Rumsfeld Apologizes to Iraqi Prisoners
Friday May 7, 2004 5:46 PM
By DAVID ESPO
AP Special Correspondent
WASHINGTON (AP) - Defense Secretary Donald H. Rumsfeld on Friday extended ``my deepest apology'' to Iraqi prisoners abused by U.S. military personnel and told Congress he accepts full responsibility for the shocking events.
``These events occurred on my watch. As Secretary of Defense, I am accountable for them. I take full responsibility,'' Rumsfeld told the Senate Armed Services Committee.
Rumsfeld took the witness chair after a week of controversy over the photographs of U.S. captors abusing their prisoners, often forcing them to assume sexually humiliating poses. Several Democratic lawmakers have demanded his resignation.
Sen. John Warner, R-Va., said the committee needed to know ``who knew what when, what they did about it, and why were members of Congress not properly and adequately informed.''
Rumsfeld had scarcely uttered his opening apology when protesters interrupted him.
``Fire Rumsfeld,'' some yelled before they were hustled from the room.
Rumsfeld sat calmly in his seat while the room was quieted.
Moments earlier, he added his personal apology to the one that President Bush made on Thursday.
``I feel terrible about what happened to these Iraqi detainees. They are human beings. They were in U.S. custody,'' he said.
``To those Iraqis who were mistreated by the U.S. armed forces, I offer my deepest apologies.''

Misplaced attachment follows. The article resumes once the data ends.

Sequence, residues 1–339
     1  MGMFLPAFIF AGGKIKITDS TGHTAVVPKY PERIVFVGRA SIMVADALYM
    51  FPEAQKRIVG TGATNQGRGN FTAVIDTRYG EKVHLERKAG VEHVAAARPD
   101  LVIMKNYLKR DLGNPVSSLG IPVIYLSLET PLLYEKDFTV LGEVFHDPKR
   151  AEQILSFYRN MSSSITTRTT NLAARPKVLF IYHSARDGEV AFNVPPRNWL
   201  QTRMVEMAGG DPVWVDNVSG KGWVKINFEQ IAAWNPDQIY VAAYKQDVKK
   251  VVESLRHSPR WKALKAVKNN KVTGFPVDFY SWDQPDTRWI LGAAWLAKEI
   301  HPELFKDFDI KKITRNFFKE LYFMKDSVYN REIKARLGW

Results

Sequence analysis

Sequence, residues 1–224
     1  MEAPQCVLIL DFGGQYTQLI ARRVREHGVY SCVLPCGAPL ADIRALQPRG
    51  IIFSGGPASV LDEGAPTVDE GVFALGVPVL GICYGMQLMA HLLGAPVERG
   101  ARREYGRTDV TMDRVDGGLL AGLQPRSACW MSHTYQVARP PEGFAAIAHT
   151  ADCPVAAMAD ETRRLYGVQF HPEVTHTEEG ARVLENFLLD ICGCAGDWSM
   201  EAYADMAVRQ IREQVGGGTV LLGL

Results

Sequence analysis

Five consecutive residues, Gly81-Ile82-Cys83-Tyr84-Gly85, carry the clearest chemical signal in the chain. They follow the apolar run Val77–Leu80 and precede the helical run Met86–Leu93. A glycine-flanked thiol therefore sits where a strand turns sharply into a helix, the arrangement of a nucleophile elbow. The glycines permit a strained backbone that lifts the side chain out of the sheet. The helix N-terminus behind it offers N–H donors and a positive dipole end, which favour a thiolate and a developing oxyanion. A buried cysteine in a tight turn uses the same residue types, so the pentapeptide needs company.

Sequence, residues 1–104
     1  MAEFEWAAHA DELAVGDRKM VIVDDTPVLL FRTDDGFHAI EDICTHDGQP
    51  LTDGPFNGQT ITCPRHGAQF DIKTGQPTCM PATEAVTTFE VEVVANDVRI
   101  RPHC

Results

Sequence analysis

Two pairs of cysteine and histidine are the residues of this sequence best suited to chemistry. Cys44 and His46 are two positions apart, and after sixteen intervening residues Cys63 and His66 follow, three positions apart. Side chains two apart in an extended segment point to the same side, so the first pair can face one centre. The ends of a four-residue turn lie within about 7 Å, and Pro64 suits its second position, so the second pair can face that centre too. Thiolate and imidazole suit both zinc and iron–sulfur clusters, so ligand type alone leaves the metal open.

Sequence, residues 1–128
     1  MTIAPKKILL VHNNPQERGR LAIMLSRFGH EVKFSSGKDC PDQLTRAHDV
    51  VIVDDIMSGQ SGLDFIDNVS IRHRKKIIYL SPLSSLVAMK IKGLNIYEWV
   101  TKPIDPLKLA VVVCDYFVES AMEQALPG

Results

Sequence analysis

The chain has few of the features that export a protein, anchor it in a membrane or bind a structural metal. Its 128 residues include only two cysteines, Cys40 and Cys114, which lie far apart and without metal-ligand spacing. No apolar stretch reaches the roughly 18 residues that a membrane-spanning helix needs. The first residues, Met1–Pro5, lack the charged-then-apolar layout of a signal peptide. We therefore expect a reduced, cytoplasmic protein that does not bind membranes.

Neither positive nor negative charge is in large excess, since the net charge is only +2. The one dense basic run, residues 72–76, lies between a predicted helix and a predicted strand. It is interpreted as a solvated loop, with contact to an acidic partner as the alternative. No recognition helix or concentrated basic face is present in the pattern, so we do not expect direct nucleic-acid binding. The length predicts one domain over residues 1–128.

Rumsfeld also referred to videos of the abuse, a reference to findings in a military report that there were ``numerous photos and videos of actual detainee abuse taken by detention facility personnel.''
Though a number of photographs have been leaked to the media, no videotapes have been made public.
Fresh disclosures surfaced as Rumsfeld went before the committee, the first of two such appearances during the day.
In Geneva, the International Red Cross said it had warned U.S. officials of abuse of prisoners in Iraq more than a year ago.
``We were dealing here with a broad pattern, not individual acts. There was a pattern and a system,'' said Pierre Kraehenbuehl, director of operations for the International Committee of the Red Cross.
Answering a question many lawmakers have posed, Kraehenbuehl said the abuse went beyond detainees held at the Abu Ghraib prison in the Baghdad area.
Despite calls from Massachusetts Sen. John Kerry and other Democrats for resignation, no congressional Republican has called on Rumsfeld to step down. And the defense secretary drew a vote of confidence on Thursday from President Bush, who declared flatly ``he'll stay in my Cabinet.''
But congressional Republicans made plain their unhappiness that they learned of the abuse - and of the shocking photos of prisoners forced into sexually humiliating poses - from the news media.
Warner and Sen. Carl Levin, D-Mich., both expressed their displeasure that they had not been informed earlier.
Levin noted with ``deep dismay'' that Rumsfeld and Gen. Richard Myers, the chairman of the Joint Chiefs of Staff, had briefed the panel about Iraq in a classified session last week but did not mention the scandal the government knew was about to break in the news media.
Consultation with Congress ``is not supposed to be an option but a longstanding and fundamental responsibility'' of administration officials, Levin lectured Rumsfeld.
The committee session was televised live in the United States and in the Arab world, as well. Both Al-Jazeera and Al-Arabiya, the most popular television news stations in the Middle East showed the proceedings with simultaneous Arabic translation.
U.S. officials have accused both stations of bias in their coverage of the war in Iraq.
But at the same time, the broadcasts offered Rumsfeld and lawmakers an opportunity to say repeatedly that the abuses by captors in the Abu Ghraib prison outside Baghdad were an aberration. ``It contradicts all the values we Americans learn,'' said Warner.